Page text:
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Unlocking Efficiency: CMHC Report Reveals Potential for 400,000 New Home Starts in Canada

CMHC report reveals Canada's home building sector could double output with current workforce, blames municipal red tape for inefficiency.

By Mackenzie Crow

5/16, 12:45 EDT

Key Takeaway

  • CMHC report reveals Canada's home building sector could start 400,000 units annually with current workforce, far above the 240,000 actual starts.
  • Municipal red tape identified as a major barrier to achieving Trudeau’s goal of 3.9 million new homes by 2031.
  • Study challenges the notion that more workers are needed for increased housing production, suggesting efficiency improvements instead.

Housing Production Efficiency

Canada's housing agency has identified that the country possesses the necessary workforce to significantly increase its home construction output. According to a report by Canada Mortgage & Housing Corp. (CMHC), the 650,000 workers in the home building sector last year had the capacity to initiate work on 400,000 new units. This figure starkly contrasts with the approximately 240,000 units that were actually started, highlighting a substantial gap in potential versus actual housing production.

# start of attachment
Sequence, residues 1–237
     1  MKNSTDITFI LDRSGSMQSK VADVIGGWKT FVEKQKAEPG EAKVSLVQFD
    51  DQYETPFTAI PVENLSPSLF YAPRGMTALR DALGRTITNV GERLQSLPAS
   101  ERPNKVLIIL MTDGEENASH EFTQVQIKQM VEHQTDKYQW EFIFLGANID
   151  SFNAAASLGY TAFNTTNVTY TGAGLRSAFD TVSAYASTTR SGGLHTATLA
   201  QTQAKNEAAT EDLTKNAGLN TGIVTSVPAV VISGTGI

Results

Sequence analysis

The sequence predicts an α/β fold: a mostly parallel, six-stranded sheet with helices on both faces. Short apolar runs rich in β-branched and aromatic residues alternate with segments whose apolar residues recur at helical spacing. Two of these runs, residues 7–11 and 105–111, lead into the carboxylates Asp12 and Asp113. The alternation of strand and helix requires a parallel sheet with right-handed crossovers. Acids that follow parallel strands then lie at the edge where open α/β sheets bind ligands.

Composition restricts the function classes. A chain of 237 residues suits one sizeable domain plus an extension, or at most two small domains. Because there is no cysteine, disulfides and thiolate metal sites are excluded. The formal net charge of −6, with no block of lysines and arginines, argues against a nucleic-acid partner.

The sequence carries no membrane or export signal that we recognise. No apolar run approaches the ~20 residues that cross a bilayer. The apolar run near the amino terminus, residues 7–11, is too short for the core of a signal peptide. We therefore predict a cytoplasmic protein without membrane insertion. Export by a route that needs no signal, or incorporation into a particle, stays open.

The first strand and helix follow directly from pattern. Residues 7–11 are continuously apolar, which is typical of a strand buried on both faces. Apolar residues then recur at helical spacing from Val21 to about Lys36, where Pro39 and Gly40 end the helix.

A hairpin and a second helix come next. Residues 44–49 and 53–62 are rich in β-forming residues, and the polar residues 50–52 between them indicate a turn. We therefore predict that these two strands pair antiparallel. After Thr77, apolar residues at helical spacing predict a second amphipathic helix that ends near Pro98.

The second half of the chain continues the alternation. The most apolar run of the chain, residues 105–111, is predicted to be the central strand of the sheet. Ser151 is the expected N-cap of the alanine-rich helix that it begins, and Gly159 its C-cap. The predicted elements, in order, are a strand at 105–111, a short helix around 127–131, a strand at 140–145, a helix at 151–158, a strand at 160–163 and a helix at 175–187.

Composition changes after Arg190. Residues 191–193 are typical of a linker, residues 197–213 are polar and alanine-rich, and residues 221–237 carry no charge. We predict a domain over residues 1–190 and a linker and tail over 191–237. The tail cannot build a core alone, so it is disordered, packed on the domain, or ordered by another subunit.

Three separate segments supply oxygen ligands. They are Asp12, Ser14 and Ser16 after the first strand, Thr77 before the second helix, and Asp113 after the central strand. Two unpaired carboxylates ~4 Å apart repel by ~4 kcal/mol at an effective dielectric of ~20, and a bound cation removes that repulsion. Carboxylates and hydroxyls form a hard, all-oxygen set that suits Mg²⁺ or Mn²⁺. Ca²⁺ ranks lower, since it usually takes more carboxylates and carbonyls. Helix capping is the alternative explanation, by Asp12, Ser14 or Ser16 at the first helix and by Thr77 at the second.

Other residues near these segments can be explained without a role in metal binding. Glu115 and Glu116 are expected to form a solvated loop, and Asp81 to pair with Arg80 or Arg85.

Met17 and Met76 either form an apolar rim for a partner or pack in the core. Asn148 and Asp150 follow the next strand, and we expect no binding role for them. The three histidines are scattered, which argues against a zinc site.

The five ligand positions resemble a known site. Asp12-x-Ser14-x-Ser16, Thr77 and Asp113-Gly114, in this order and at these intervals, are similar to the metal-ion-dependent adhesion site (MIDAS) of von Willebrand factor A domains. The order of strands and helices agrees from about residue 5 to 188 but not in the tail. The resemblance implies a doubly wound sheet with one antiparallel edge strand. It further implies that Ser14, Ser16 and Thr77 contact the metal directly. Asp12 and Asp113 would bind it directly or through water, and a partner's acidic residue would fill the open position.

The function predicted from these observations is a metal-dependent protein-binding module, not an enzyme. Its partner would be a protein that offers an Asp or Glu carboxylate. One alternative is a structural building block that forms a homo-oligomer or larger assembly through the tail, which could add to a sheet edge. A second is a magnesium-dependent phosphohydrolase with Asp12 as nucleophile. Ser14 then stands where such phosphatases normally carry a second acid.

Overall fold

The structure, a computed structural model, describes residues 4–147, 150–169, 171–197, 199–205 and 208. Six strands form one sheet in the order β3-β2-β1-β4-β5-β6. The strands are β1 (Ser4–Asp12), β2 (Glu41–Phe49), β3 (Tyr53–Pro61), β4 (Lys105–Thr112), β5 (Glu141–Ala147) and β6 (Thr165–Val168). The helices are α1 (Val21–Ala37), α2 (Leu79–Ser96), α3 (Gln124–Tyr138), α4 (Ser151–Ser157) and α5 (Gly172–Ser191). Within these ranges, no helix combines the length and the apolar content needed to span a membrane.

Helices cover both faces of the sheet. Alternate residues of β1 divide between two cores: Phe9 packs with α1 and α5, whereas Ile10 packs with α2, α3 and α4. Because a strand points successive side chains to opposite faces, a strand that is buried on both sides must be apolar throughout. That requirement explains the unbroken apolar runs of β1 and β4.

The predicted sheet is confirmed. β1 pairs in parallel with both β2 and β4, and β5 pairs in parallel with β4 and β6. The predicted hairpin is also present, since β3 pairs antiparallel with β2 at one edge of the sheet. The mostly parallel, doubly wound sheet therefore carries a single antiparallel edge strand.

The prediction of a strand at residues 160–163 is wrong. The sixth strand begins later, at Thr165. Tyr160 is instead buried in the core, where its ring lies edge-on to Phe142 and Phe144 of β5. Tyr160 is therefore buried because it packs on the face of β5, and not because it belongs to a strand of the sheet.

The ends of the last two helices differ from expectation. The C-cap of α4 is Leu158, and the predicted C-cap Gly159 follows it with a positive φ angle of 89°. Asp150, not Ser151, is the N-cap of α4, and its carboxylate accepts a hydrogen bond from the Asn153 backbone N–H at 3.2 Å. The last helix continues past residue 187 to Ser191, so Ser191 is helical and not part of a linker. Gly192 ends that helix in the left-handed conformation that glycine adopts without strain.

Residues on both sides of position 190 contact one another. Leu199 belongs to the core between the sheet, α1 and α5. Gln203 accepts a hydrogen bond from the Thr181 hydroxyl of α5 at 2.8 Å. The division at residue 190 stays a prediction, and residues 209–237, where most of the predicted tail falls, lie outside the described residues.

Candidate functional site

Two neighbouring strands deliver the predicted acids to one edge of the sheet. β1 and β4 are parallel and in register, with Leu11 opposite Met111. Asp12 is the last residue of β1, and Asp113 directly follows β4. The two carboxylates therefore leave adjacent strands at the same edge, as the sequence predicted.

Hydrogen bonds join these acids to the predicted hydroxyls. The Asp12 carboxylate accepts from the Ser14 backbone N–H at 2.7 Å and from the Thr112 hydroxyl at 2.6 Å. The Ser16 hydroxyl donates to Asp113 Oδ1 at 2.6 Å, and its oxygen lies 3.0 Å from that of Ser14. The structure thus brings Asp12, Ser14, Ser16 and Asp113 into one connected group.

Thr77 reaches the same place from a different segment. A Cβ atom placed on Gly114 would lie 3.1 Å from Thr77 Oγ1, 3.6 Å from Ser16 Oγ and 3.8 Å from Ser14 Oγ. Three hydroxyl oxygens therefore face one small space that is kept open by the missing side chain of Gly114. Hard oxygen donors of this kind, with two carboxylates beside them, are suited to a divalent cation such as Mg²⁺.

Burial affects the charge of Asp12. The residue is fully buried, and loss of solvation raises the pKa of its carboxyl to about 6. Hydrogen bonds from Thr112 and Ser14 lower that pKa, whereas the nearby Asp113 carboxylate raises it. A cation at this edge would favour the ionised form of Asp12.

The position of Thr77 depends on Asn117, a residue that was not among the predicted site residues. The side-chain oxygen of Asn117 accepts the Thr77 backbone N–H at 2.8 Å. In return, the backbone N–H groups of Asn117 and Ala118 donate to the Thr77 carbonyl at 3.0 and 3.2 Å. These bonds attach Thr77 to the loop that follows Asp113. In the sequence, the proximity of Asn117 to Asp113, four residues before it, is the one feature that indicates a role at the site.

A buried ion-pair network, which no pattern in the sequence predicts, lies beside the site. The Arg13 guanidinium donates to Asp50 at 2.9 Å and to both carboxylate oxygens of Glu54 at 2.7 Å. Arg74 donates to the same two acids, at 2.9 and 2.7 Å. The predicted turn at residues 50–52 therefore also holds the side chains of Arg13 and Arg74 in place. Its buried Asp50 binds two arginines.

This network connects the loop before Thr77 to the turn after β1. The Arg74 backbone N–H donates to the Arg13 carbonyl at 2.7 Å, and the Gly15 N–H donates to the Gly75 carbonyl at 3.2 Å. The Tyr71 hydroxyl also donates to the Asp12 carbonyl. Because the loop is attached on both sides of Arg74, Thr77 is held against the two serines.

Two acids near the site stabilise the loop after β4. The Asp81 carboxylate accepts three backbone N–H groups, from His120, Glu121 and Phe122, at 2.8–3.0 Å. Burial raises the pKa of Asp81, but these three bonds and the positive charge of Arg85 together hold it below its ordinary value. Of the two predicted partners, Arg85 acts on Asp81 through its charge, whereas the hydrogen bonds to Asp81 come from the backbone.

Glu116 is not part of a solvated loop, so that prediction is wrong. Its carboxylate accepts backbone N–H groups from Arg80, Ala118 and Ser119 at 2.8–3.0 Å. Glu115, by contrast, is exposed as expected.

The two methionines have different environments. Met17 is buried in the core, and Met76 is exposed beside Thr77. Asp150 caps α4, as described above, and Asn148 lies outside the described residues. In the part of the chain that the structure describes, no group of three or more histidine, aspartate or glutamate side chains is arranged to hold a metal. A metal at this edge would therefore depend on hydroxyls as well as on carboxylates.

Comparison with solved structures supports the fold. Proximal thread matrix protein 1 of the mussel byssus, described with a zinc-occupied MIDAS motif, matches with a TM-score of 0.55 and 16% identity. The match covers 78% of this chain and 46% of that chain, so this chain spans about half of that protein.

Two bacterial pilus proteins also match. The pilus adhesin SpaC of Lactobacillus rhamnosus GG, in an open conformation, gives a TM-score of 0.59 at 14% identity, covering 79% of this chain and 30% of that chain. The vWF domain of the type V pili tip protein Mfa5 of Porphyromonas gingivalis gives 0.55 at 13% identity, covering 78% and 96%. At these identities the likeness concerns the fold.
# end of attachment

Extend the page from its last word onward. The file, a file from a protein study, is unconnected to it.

Regulatory Barriers

The report, authored by Mathieu Laberge, senior vice president at CMHC, points to municipal red tape as a primary obstacle hindering the construction of new homes. Despite the ambitious goal set by Prime Minister Justin Trudeau’s government to build 3.9 million homes by 2031—a target that necessitates doubling the current annual pace of housing starts—progress has been slow. The construction industry and economists have voiced concerns over perceived labor and material constraints, suggesting the sector is operating at full capacity. However, Laberge's analysis, which spans data from the late 1990s, indicates that the industry has previously achieved higher levels of productivity per worker and that disparities in efficiency exist across different cities.

Productivity and Potential

Laberge's findings challenge the prevailing narrative by the Canadian Homebuilders Association, which argues that a doubling of the workforce is essential to meet housing demands. Instead, the report suggests that with the current labor force, there is room for productivity improvements. By examining historical data, Laberge demonstrates that the construction industry has the potential to enhance its efficiency and output without necessarily increasing the number of workers. This perspective shifts the focus towards optimizing the use of existing resources and addressing the inefficiencies that have crept into the home building process over time.

Street Views

  • Mathieu Laberge, Canada Mortgage & Housing Corp. (Neutral on Canadian housing construction):

    "The 650,000 workers building homes in Canada last year should have been enough to start work on 400,000 new units, compared to the approximately 240,000 that actually got underway... For years, the residential construction industry pointed to regulation as the most significant constraint to building more houses. Evidence shows that progress can indeed be made on that front, and all levels of government are adapting, but more must be done."